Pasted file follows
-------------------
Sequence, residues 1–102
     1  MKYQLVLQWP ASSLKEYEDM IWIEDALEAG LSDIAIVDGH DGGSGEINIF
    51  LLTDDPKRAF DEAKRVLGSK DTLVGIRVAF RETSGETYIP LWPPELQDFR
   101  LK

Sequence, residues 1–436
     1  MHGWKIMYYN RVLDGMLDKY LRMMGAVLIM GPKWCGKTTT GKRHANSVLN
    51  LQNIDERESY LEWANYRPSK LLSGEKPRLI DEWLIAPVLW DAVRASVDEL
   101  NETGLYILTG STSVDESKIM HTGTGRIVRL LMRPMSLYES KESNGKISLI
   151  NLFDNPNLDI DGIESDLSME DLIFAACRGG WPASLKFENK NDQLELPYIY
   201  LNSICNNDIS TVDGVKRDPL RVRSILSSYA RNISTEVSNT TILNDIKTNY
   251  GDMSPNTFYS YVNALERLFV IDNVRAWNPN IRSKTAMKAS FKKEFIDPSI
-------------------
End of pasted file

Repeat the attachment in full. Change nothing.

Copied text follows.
Sequence, residues 1–102
     1  MKYQLVLQWP ASSLKEYEDM IWIEDALEAG LSDIAIVDGH DGGSGEINIF
    51  LLTDDPKRAF DEAKRVLGSK DTLVGIRVAF RETSGETYIP LWPPELQDFR
   101  LK

Sequence, residues 1–436
     1  MHGWKIMYYN RVLDGMLDKY LRMMGAVLIM GPKWCGKTTT GKRHANSVLN
    51  LQNIDERESY LEWANYRPSK LLSGEKPRLI DEWLIAPVLW DAVRASVDEL
   101  NETGLYILTG STSVDESKIM HTGTGRIVRL LMRPMSLYES KESNGKISLI
   151  NLFDNPNLDI DGIESDLSME DLIFAACRGG WPASLKFENK NDQLELPYIY
   201  LNSICNNDIS TVDGVKRDPL RVRSILSSYA RNISTEVSNT TILNDIKTNY
   251  GDMSPNTFYS YVNALERLFV IDNVRAWNPN IRSKTAMKAS FKKEFIDPSI